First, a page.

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Deir el Bahri

(Mortuary Temple of Queen Hatshepsut)
by Connie Tindale
Mortuary Temple of Queen Hatshepsut.


Opening Hours:
Set in a natural amphitheatre at the base of the Theban hills off the road from Dra Abul Naga.
Spectacular temple with terraces and sanctuaries.
21 LE Ticket from the site.
7.00 am until 5.00 p.m. in winter
7.00 am until 6.00 p.m. in summer.
          Although several women came close to serving as Egyptian Pharaohs, Hatshepsut was the only woman to rule in her own right (18th dynasty : 1479-1458 BC) However, to cement her unique position she was usually shown posing as a man wearing a pharaonic beard.  Earlier in her life, she was married to her half-brother Tutmosis II but was widowed before she could bear him a son.  She may well have seen herself as the natural successor to her father Tutmosis I and probably did everything she could to cement her position as his heir even before he died, paving the way for her succession.  On the uppermost terrace of the temple, is an inscription, allegedly attributed to him, that reads "he who shall do her homage shall live and he who shall speak evil in blasphemy of her Majesty shall die".  This clearly shows her determination to claim Egypt's throne.

          As a powerful monarch, her buildings plans were prodigious and she left monuments in Nubia as well as Upper and Lower Egypt but her most magnificent achievements were in Thebes where in addition to her fabulous mortuary temple, she enlarged Karnak Temple and built a temple to Amun at Medinet Habu.  However, the chagrin of Tutmosis III, the young nephew she usurped from the throne, was so great that after her death he obliterated all references to her from her own temple.  He later built his own mortuary temple next to hers but long ago it was crushed in a landslide, so perhaps Hatshepsut had the last word after all.

          Deir el Bahri (Monastery of the north) is the temple's Arabic name but it was originally known as the "Splendour of Splendours' and its sharp lines would have been softened by an over-planting of trees, fragrant flowers and shrubs.  As a final embellishment for this stark but magnificent building, a long line of sphinxes probably joined the temple to the river.

          Inscriptions on its lower and middle colonnades show Hatshepsut's divine birth and her achievements, such as a successful Nubian campaign, the transport from Aswan of obelisks for Karnak, and the collection of myrrh trees from Punt.  At the southern end of the middle terrace, which is reached via an impressive ramp, is a temple to Hathor the cow-eared goddess of the western cemetery.  There is a closed-gated sanctuary here and some fine reliefs of the goddess in cow form.  When archaeologists excavated the site in the early part of the last century, they found baskets of wooden penises that could have been used in rituals and fertility ceremonies.  The upper colonnade, which is reached by a second ramp, was once completely lined with statues of Osiris, some with the face of Hatshepsut, but now only a few remain.  Perhaps it was through fear of offending Osiris, that these imagines were not defaced.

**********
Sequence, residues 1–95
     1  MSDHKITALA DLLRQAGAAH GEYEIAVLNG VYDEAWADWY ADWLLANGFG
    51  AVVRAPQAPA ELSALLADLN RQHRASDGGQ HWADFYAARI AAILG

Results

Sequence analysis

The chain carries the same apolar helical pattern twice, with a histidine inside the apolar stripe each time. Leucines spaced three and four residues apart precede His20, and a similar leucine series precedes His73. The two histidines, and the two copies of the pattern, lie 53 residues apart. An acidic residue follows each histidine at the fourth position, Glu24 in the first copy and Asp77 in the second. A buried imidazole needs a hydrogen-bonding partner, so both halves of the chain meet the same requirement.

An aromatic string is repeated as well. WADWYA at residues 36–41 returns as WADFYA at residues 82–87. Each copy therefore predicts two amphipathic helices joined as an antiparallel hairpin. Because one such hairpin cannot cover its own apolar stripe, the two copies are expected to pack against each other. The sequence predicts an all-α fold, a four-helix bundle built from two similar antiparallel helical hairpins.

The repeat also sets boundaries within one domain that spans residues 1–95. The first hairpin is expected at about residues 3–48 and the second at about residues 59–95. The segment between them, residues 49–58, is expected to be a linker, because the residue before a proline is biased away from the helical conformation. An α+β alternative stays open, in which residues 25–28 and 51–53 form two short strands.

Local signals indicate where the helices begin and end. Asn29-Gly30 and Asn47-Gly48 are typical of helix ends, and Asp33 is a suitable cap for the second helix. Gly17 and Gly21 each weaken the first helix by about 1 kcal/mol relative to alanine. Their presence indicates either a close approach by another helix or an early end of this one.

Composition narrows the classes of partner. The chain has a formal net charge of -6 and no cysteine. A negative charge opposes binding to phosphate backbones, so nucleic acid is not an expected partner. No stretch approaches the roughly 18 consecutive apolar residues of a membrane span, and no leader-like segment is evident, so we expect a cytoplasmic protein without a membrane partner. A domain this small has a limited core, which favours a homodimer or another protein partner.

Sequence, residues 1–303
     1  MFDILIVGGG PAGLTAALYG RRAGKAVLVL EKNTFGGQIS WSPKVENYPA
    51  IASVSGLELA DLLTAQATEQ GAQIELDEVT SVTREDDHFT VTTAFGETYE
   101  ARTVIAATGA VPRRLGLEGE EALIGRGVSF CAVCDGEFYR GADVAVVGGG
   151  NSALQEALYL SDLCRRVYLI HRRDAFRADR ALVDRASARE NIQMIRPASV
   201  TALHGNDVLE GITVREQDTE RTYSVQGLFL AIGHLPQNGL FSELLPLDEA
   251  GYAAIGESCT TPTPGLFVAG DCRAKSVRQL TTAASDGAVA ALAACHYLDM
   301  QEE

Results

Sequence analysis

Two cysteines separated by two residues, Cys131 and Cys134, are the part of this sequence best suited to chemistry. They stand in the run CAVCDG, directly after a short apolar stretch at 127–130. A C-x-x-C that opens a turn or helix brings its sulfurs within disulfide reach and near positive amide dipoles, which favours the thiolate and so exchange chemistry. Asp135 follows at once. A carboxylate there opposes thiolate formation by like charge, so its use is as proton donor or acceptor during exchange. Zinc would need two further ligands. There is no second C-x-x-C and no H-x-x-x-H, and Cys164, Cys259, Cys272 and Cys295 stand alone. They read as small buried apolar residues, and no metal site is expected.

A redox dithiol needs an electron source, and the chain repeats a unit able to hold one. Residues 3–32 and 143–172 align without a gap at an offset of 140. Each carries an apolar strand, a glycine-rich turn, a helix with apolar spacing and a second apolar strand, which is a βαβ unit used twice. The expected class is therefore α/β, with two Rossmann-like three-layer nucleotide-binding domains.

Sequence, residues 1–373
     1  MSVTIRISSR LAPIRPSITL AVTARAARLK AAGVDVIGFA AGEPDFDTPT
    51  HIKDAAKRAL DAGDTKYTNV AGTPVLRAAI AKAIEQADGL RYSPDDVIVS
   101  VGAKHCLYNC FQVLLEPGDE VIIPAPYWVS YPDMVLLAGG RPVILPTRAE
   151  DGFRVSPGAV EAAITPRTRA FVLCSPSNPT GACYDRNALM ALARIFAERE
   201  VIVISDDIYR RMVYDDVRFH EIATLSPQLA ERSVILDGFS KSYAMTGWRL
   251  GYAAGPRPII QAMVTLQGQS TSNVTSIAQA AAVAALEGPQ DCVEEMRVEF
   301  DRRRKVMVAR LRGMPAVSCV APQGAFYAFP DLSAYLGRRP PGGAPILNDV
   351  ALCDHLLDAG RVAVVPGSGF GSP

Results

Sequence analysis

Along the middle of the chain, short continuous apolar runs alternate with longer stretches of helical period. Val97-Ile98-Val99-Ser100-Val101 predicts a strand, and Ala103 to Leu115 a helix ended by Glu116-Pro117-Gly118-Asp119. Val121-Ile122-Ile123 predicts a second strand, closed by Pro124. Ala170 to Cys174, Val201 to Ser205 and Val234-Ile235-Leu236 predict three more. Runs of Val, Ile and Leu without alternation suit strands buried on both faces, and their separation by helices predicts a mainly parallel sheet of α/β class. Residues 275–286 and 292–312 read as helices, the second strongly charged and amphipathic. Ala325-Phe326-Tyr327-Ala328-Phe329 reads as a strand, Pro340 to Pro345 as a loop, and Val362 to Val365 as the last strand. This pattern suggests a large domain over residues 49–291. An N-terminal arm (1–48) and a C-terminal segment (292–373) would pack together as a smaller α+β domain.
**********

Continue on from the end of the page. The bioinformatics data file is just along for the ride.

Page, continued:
The pillars in Hathor's temple show her image.
The goddess Hathor in cow form is led by the god Amun as she feeds the young Hatshepsut.
Above:   The goddess Hathor in cow form is led by the god Amun as she feeds the young Hatshepsut.

Left:   The pillars in Hathor's temple show her image.

Below:   The upper terrace was once lined with statues of Osiris but few now remain.
The upper terrace was once lined with statues of Osiris but few now remain.
         Beyond the upper colonnade, further sanctuaries are entered through a central doorway and a peristyle court.  Scenes of the Feast of the Valley procession decorate the north side of the court and scenes from the Opet festival decorate the southern side.  The other courtyards, at present inaccessible, contained niche shrines to the gods including Amun and an altar to the Sun god.

         At the rear of this upper court is a central rock-cut sanctuary to Amun beneath which is a tomb that was prepared for Hatshepsut but was apparently unused because she chose to be buried in the Valley of the Kings (KV 20).  As it transpired, she was not to be left in peace in either place.

         Late in the nineteenth century, in an inconspicuous tomb close to the temple, archaeologists found a cache of mummies that had been moved there for safety by the tombs' ancient guardians.  Enterprising villagers had been selling them off for years before the trade was stopped.  Among those found in the tomb were the mummies of Hatshepsut, Tutmosis I, Seti I and Ramses II and Ramses III.

         In a cave to the north of the temple, sexual graffiti from a long forgotten dissident shows that irreverence of royalty is not new.  Among the variety of doodles and inscriptions is a drawing of a Pharaoh wearing woman's underwear being sodomised by an unknown man.  Perhaps this could be a comment on the relationship between Hatshepsut and one of her ministers.

         I have heard visitors express disappointment with their first view of the temple.  This might be because it is so different from the later more ornate temples in the necropolis, but its lines are timeless and its simplicity is powerful.

         This temple is a must see on any itinerary even though it can get very busy in the earlier part of the day but in late afternoon when the tour buses have left and the heat of the sun has diminished the peace of the temple can be felt.
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